Paris is beautiful and everything is so picturesque

5.) Sightsee/explore. Who says you only have to sightsee outside the airport? When you have read every single thing you packed, and watched about two episodes of your favorite show, it's time to walk around. Sitting too much while traveling can actually be harmful to your health. So walk the length and breath of your airport. Have breakfast or lunch, but sit in the restaurant while eating. MAKE SURE YOU EAT. Seriously, budget airport food money together with the rest of your travel expenses. You can't skimp on food. Eat well, and have a great dining experience; it's all part of the trip.  Get up and keep walking but do not lose sight of your gate; make a mental note to leave enough time to walk back to your boarding gate. There are TONS of stores in airports, window shop. And dream of when you will be able to walk into Gucci at the airport and by jackets, shoes, and purses. Or maybe you already can afford to, then by all means, shop.

6.) Okay so you have done all of the above and still have time? Journal. Pick up a pen or open your laptop and just write down literally anything you are thinking. ANYTHING. Write about what your life looks like now. What about your life are you thankful for? Write it. What part sucks? Write it. Have some introspection and think about where you think you are going with your life and wonder if you are even remotely on the right track. As you begin with these simple questions, it will begin to flow. It's a very good time to think and make decisions. Don't forget to make notes of ideas and thoughts that come to mind. If there is any benefit to traveling, this is it. The ability to be by yourself and sort of hang in between—not  home but not at your destination—makes  for good uninterrupted time to really think, and hear yourself think.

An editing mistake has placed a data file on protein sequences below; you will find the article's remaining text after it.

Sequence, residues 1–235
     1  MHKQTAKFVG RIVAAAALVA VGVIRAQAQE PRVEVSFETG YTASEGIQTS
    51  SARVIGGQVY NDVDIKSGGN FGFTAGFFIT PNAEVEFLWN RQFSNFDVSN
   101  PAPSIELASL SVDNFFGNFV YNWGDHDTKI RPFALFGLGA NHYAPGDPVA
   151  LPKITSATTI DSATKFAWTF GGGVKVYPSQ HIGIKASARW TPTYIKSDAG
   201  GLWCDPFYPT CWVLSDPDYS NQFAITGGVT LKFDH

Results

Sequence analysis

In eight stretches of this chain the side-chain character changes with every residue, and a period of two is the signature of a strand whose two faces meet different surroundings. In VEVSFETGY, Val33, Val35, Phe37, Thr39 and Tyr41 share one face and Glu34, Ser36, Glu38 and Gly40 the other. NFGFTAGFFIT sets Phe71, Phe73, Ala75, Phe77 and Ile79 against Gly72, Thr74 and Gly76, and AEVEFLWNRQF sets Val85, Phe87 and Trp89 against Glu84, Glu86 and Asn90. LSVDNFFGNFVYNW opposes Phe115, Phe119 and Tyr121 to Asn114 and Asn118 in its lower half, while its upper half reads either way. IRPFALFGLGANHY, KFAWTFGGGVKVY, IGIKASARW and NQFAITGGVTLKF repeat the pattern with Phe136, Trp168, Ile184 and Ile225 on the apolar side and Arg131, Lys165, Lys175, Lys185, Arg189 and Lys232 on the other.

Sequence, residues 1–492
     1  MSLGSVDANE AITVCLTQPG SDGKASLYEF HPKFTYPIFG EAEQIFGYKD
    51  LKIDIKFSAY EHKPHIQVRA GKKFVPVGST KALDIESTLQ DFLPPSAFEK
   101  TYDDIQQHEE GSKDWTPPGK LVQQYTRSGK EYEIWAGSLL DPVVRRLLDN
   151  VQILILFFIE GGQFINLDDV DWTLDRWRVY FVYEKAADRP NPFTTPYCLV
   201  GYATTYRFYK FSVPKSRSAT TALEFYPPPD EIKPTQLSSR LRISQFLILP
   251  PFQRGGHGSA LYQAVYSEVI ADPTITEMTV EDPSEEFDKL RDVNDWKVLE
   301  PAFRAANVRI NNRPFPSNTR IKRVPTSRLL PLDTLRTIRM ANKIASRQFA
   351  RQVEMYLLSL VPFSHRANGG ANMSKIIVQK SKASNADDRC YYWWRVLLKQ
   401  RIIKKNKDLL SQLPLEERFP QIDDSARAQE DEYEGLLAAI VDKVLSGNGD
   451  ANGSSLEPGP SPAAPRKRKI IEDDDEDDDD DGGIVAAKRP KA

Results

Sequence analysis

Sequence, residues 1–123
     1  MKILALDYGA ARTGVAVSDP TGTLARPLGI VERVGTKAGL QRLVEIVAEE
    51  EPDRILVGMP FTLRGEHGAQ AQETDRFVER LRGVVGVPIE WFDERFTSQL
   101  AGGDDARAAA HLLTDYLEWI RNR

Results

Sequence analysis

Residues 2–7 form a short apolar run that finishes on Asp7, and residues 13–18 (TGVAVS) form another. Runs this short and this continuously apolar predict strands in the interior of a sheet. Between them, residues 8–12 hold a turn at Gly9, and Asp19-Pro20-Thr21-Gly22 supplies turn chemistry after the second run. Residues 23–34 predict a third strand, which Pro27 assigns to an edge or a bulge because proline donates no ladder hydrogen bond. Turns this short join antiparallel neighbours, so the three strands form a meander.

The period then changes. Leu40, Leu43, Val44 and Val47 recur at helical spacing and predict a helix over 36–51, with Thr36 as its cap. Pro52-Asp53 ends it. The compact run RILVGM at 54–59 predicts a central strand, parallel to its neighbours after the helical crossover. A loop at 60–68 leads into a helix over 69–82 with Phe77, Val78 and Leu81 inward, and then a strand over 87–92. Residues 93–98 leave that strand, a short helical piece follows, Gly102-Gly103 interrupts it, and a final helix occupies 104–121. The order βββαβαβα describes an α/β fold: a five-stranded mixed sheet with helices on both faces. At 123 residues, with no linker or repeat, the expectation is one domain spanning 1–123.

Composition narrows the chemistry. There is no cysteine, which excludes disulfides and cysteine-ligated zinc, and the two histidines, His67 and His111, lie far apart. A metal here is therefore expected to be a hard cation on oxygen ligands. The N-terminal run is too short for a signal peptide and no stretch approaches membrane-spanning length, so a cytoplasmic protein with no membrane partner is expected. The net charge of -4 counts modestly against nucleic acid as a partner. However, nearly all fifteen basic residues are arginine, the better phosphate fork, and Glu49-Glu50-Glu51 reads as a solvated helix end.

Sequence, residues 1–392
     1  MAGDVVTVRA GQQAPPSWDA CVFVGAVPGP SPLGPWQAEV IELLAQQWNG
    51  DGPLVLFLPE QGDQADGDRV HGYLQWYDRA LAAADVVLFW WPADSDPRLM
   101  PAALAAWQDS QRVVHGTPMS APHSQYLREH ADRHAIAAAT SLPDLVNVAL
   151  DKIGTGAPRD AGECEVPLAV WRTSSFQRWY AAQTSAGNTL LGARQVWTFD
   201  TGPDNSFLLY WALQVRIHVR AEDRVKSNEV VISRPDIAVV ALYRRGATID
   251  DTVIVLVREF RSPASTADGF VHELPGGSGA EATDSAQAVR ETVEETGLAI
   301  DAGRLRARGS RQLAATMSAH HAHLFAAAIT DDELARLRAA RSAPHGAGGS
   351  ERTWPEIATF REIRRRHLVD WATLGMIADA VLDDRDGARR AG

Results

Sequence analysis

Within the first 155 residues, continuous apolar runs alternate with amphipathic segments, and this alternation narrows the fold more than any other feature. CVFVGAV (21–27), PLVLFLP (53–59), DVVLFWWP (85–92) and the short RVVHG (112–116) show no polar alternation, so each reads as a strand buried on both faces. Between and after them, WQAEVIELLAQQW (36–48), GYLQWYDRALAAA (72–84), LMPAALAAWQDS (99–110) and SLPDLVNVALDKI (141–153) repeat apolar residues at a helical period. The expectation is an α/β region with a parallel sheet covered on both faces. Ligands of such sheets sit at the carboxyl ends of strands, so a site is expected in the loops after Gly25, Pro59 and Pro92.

7.) So somehow, there is still more time to kill? Catch up on your work. I mean, whatever you do for a living. Maybe there is something you want to work on? Do it now. Some people like to shut down/off during vacations. I can't relate.

Honestly, before you know it, boarding has started for your next flight. So long layovers are definitely not the worst things in the world. The next time you have to have one, don't be bummed about it. Just make the best of it. I'm like an expert because I have had some really LONG layovers and never ever had a terrible experience. I mean, yeah there were sometimes I was just exhausted but mostly, it's never so bad.

Dang! Why can't I just write something short eh?

Anyway, what are your tips for surviving layovers or long trips in general? If I missed any, then please share in the comment.




  1. It's always great to hear other points of view. Someone that likes layovers. I hate domestic layovers but I don't mind international layovers especially Heathrow. It's a weird thing but I don't buy alcohol in america. I just stock up (and send people) in Heathrow. Because my loyalty miles are with One World, I tend to fly BA often so I stock up going and coming and I like walking around. I've had an over long layover once where I ended up watching shows till I was delirious and just messaging friends and also sleeping while clutching purse/luggage. Happy holidays!!!

  2. Hahah see, thank God for different perspectives: it didn't even occur to me to talk about layovers, because I actually think I might dislike domestic layovers. If it's a short trip, I would not see the need for a layover at all Lol. Thanks for stopping by, and HAPPY HOLIDAYS!!!!